President BidenJoe BidenBiden DOJ adopts Trump’s liability stance in E. Jean Carroll defamation suit Boston mayor fires city’s police commissioner months after domestic abuse allegations emerge Book claims Trump believed Democrats would replace Biden with Hillary Clinton or Michelle Obama in 2020 election MORE is cutting off infrastructure negotiations with a GOP group led by Sen. Shelley Moore CapitoShelley Wellons Moore CapitoBipartisan group prepping infrastructure plan as White House talks lag Overnight Energy: Climate emerges as infrastructure sticking point | US recovers millions in cryptocurrency paid to pipeline hackers | Chief scientist: NOAA is ‘ billion agency trapped in a .5 billion budget’ On The Money: White House sees paths forward on infrastructure despite stalled talks | Biden battles Dem divides | FBI seizes bitcoin ransom paid by Colonial Pipeline MORE (R-W.Va.) after weeks of talks failed to produce a deal.
He will instead move forward on discussions with a bipartisan group of senators.
Biden and Capito spoke Tuesday but remained far apart on a deal. The White House as a result is shifting to talks with a group that includes Sens. Kyrsten Sinema (D-Ariz.), Rob PortmanRobert (Rob) Jones PortmanBipartisan group prepping infrastructure plan as White House talks lag On The Money: White House sees paths forward on infrastructure despite stalled talks | Biden battles Dem divides | FBI seizes bitcoin ransom paid by Colonial Pipeline White House sees paths forward on infrastructure despite stalled negotiations MORE (R-Ohio) and other Senate moderates, such as Sens. Jon TesterJonathan (Jon) TesterPro-gun groups step up lobbying campaign against Biden ATF pick Biden ‘allies’ painting him into a corner Democrats set for filibuster brawl amid escalating tensions MORE (D-Mont.) and Lisa MurkowskiLisa Ann MurkowskiPro-gun groups step up lobbying campaign against Biden ATF pick Pence: Trump and I may never ‘see eye to eye’ on events of Jan. 6 White House: Biden will not appoint presidential Jan. 6 commission MORE (R-Alaska).
The president will engage with those lawmakers while in Europe for the next week, and Cabinet officials like Transportation Secretary Pete ButtigiegPete ButtigiegIs the infrastructure bill a bridge too far? The Hill’s Morning Report – Presented by Facebook – Biden, Harris take US goals abroad Juan Williams: Biden should go it alone MORE and Energy Secretary Jennifer GranholmJennifer GranholmGranholm launches ‘Earthshot’ goal of reducing hydrogen energy cost to The Hill’s Morning Report – Presented by Facebook – Biden, Harris take US goals abroad Divisions remain on infrastructure as clock ticks on bipartisan deal MORE will also play a leading role.
Members of the bipartisan group include Sens. Kyrsten SinemaKyrsten SinemaBipartisan group prepping infrastructure plan as White House talks lag Democrats reach turning point with Manchin Cher apologizes for confusing Sinema, Gillibrand MORE (D-Ariz.), Rob Portman (R-Ohio) and other Senate moderates, such as Sens. Jon Tester (D-Mont.) and Lisa Murkowski (R-Alaska). The senators plan to release a proposal by the end of the week.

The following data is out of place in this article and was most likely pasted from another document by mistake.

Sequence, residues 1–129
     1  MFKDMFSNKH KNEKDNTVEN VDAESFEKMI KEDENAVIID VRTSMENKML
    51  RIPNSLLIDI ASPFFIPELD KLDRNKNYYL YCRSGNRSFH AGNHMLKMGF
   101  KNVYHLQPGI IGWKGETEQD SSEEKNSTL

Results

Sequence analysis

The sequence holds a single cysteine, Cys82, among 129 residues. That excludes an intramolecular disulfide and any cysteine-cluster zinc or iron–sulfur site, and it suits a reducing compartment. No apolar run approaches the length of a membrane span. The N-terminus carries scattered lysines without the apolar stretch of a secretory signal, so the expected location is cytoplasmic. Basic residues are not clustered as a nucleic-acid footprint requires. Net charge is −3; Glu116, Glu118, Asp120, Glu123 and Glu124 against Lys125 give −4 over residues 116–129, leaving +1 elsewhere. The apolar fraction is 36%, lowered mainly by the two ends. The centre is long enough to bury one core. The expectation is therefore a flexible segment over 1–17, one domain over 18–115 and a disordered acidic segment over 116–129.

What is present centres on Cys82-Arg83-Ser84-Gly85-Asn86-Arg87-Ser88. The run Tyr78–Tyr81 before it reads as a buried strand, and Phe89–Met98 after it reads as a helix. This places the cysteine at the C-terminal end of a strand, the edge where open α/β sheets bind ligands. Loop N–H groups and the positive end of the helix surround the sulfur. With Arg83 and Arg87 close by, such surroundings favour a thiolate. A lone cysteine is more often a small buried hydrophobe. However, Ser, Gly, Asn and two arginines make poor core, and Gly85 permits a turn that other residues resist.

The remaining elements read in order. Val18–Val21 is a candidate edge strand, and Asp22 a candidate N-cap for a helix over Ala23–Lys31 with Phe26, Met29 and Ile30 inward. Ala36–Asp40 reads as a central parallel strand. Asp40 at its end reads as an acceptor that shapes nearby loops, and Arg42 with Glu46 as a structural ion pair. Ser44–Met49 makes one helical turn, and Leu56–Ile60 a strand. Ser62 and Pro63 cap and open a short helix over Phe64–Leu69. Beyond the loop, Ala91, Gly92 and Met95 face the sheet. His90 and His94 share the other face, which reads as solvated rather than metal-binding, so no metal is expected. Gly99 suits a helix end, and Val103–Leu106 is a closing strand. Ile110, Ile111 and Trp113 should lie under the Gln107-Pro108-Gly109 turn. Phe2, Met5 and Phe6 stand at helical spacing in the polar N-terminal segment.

An administration official stressed that Capito participated in the negotiations in good faith, and that Biden “has a very positive opinion of her.” The West Virginia Republican would be a welcome member of bipartisan talks moving forward, the official added.
Biden and Capito have spoken by phone or in person several times since the president announced his $2.25 trillion American Jobs Plan in late March. Capito, the top Republican on the Senate Environment and Public Works Committee, has led a group of GOP senators in the talks with Biden.
Capito on Tuesday said the discussions were always respectful and candid, but she expressed disappointment at Biden’s decision to cut off negotiations.
“While I appreciate President Biden’s willingness to devote so much time and effort to these negotiations, he ultimately chose not to accept the very robust and targeted infrastructure package, and instead, end our discussions,” Capito said in a statement on Tuesday.
“However, this does not mean bipartisanship isn’t feasible,” Capito added, citing legislation in the Environment and Public Works Committee supported by lawmakers from both parties.
The administration official noted that Biden came down nearly $1 trillion from his original proposal, while the Republican group offered only $330 billion in new spending, a $150 billion increase from when talks started.
The two main sticking points ended up being the GOP group’s refusal to significantly increase the amount of new investments, as well as their inability to specify ways to pay for the package. Biden has proposed increasing taxes on corporations and the wealthiest Americans, while Republicans have balked at tax increases in general.
The White House this week made clear that it sees other paths to passing an infrastructure package beyond the talks that were stalling with Capito.
White House press secretary Jen PsakiJen PsakiDemocrats reach turning point with Manchin The Memo: Political winds shift against Biden Overnight Energy: Climate emerges as infrastructure sticking point | US recovers millions in cryptocurrency paid to pipeline hackers | Chief scientist: NOAA is ‘ billion agency trapped in a .5 billion budget’ MORE pointed to the bipartisan talks taking place on Capitol Hill, as well as the individual infrastructure bills making their way through Congress that have overlap with Biden’s American Jobs Plan.
Updated at 5:10 p.m.